- TheNehru Report of 15 August 1928 (approved on 28 August) was a memorandum to appeal for a new dominion status and a federal set-up of government for the constitution of India
- In November 1927, the British government appointed the Simon Commission to review the working of the Government of India Act 1919 and propose constitutional reforms for India.
- The Commission did not have a single Indian member which irked leaders of the nationalist movement.
- While the British acknowledged the discontent, it did not change the composition of the Commission and instead asked Indians to prove that they could draw up a constitution themselves.
- A similar challenge was made in 1925 by Lord Birkenhead, then Secretary of State for India, in the House of Lords
- As a result, Leaders of the nationalist movement responded to the challenge by drafting theNehru Report 1928
- In December 1927, at its Madras session, the Indian National Congress set up an All Parties Conference to draft a Constitution for India
- On May 19, 1928 at its meeting at Bombay, the All Parties Conference appointed a committee with Motilal Nehru as its chairman
Recommendations of Nehru Report
- India should be given Dominion Status with the Parliamentary form of Government with bi-cameral legislature that consists of senate and House of Representatives
- It recommended Responsible government at the Centre and in provinces—
- The senate were to comprise of two hundred members elected for seven years, while the House of Representatives should consist of five hundred members elected for five years. Governor-General will act on the advice of executive council. It was to be collectively responsible to the parliament
- Provincial councils to have a 5-year tenure, headed by a governor acting on the advice of the provincial executive council
- There should be Federal form of Government in India with Residuary powers to be vested in Centre.
- There were to be no separate electorate for minorities because it awakens communal sentiments therefore it should be scrapped and joint electorate should be introduced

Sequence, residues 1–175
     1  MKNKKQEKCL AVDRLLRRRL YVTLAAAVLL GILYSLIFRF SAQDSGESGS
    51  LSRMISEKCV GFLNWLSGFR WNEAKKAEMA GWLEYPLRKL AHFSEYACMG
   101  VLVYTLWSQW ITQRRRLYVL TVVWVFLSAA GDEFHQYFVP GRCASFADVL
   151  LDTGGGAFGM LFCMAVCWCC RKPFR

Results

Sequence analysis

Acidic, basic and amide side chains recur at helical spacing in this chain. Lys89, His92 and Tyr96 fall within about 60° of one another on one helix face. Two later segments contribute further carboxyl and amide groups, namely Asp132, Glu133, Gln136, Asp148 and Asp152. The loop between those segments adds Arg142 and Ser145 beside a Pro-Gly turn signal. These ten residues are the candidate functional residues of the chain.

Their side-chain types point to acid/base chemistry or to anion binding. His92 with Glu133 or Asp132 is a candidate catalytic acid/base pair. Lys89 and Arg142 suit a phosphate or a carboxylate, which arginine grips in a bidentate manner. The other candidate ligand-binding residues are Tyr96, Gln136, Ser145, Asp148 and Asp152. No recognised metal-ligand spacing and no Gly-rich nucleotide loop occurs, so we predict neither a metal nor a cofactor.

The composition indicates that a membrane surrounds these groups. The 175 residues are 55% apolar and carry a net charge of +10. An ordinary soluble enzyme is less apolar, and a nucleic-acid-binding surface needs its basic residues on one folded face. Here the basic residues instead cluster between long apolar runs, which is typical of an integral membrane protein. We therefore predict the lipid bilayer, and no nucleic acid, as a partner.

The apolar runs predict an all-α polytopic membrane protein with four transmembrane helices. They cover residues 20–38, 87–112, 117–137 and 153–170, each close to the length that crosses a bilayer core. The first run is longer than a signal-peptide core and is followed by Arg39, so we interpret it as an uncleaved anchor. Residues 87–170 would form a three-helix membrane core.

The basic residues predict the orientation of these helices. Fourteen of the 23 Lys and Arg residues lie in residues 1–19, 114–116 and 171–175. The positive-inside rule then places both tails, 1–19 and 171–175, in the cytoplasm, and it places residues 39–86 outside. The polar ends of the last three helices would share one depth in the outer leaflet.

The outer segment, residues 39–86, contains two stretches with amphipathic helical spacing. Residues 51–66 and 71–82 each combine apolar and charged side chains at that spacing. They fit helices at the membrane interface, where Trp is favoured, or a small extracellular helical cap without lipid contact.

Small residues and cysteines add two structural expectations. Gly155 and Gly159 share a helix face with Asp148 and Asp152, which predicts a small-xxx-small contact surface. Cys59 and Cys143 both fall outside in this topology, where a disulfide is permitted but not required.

- It recommended Nineteen fundamental rights including equal rights for women, right to form unions, and universal adult suffrage
- Full protection to cultural and religious interests of Muslims.
- Complete dissociation of State from religion
Muslim League reaction to the Nehru Report
- The process of preparing the Constitutional framework began enthusiastically. However, communal differences crept in and Nehru report got involved in controversies over the issue of communal representation
- Muslim League reaction
- The league’s leaders rejected the Nehru proposals
- In reaction Mohammad Ali Jinnah drafted his Fourteen Points in 1929, which became the core demands the Muslim community put forward as the price of their participating in an independent united India
- The Main objection of Muslim league were:
- The 1916 Congress-Muslim League agreement Lucknow Pact provided separate electorates and weightage, to the Muslim community whereas they were rejected by the Nehru Report
- The League realized that while they would be a majority in the provinces of the North-East and North-West of India, and hence would control their provincial legislatures, they would always be a minority at the Centre. Thus they demanded, contrary to the Nehru Report, that residuary powers go to the provinces
- Younger section of Congress Reaction
- The younger section of the Congress led by Jawaharlal Nehru and Subhash Bose were angered
- The younger section regarded the idea of dominion status in the report as a step backward, and the developments at the All Parties Conference strengthened their criticism of the dominion status idea
- Further, Nehru and Subhash Bose rejected the Congress’ modified goal and jointly set up the Independence for India League
- The Nehru Report demanded that the Fundamental Rights for the people of India wouldn’t be subjected to forfeiture.
- The report was an inspiration from the American bill of rights, which laid to the foundation of Fundamental Rights provision in the Indian Constitution
- Unfortunately, the Nehru Report was not adopted by the All Party Convention in Calcutta in December 1928. Some communal leaders from the Muslim League, the Hindu Mahasabha, and the Sikh League objected